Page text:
Judd Apatow calls Donald Trump "a malignant narcissist"
Judd Apatow has called out US president Donald Trump for his lack of compassion, calling him a “malignant narcissist.”
Read more: Judd Apatow: “Part of storytelling is people making terrible mistakes”
Speaking in a new interview, the director, who is currently promoting his new movie The King Of Staten Island, discussed the US president’s lack of compassion and his inability to lead the United States.
“The US president is, I believe, a malignant narcissist,” Apatow told The Independent. “He doesn’t have compassion. He is not intellectually capable of leading our country and he is not emotionally fit to run our country and everything that’s happening is the natural result of that.”
“It’s a tragedy that somehow he was elected,” he continued. “There was a lot of voter suppression involved in his election. To this day we’re still not sure exactly what happened. I’m hopeful that nobody new has decided they love him. And when people get to go to the polls [in November 2020], he will be removed.”
Elsewhere in the interview, Apatow reflected on the time Katherine Heigl, who starred in his 2007 romantic comedy Knocked Up, called the movie “a little sexist.”
The comments caused a backlash, and contributed to Heigl’s reputation for being allegedly difficult to work with. However, while he was hurt by her comments, Apatow said the actress had every right to speak out.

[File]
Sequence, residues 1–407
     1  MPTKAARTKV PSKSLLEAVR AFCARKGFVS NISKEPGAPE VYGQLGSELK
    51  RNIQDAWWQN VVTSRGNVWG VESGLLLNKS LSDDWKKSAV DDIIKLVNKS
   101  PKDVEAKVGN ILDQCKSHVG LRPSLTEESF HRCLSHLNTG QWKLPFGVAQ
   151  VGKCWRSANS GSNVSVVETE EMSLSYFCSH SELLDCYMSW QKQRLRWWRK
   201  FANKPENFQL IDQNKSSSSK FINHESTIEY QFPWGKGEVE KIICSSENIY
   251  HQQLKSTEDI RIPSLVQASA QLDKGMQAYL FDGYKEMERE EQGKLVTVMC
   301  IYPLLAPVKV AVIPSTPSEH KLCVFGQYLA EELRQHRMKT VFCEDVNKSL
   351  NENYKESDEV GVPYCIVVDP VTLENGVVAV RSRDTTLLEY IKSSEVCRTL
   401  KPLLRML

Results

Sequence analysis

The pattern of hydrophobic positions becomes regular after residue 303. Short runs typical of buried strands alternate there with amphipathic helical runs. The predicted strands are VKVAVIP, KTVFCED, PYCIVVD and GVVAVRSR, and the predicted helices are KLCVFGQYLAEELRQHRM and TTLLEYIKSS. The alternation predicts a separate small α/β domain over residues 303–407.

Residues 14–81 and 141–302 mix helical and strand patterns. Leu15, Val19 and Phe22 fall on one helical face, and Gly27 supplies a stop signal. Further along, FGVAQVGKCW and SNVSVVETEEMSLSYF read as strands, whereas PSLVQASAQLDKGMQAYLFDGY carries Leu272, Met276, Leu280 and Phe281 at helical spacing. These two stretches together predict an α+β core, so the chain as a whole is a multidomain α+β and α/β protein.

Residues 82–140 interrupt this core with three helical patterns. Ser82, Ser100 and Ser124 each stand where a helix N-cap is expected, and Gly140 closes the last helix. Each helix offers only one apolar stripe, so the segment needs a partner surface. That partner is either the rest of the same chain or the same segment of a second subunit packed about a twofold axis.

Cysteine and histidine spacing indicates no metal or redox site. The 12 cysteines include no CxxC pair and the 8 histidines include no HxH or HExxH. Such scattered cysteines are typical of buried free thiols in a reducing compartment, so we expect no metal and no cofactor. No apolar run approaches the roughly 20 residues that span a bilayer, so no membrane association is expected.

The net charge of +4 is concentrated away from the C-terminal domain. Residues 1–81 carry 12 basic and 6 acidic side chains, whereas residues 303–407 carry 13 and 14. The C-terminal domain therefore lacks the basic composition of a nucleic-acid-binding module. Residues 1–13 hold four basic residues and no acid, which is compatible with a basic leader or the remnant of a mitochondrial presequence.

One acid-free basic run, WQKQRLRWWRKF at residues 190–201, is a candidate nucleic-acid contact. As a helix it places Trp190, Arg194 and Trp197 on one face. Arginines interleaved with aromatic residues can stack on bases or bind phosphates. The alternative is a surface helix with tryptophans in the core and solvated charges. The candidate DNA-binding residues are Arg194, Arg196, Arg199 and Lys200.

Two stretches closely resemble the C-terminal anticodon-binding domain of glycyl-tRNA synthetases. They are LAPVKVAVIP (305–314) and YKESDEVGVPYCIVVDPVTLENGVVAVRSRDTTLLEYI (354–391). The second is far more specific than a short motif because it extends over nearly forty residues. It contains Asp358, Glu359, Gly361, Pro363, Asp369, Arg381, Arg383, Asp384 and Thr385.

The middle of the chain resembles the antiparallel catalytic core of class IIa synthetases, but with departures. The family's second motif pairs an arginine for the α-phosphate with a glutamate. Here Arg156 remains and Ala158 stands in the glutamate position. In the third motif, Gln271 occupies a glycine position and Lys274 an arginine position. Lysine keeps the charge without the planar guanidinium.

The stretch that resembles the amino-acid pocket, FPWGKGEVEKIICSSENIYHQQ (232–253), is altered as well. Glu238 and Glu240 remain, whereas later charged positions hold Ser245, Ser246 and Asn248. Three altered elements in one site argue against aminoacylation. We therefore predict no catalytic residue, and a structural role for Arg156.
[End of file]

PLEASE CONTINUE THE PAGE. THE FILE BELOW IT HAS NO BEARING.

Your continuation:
“I think that everyone should be allowed to criticise anything,” he said. “That’s how everything works: stand-up comedians, movies, television. Everybody is entitled to their opinion. Sometimes it just crosses over into this other thing, which is, should people be allowed to work or should they be cancelled if people disagree with something that someone said or made?”
He added: “People have always had debates about the quality of work and what it means, and that’s good, unless it somehow turns toxic in some way.”
Meanwhile, Pete Davidson has revealed that his new movie, The King Of Staten Island, which is directed by Apatow, helped him work through the death of his firefighter father.
Scott Davidson died while responding to the World Trade Center attack on September 11, 2001, when the SNL comedian was just seven years old.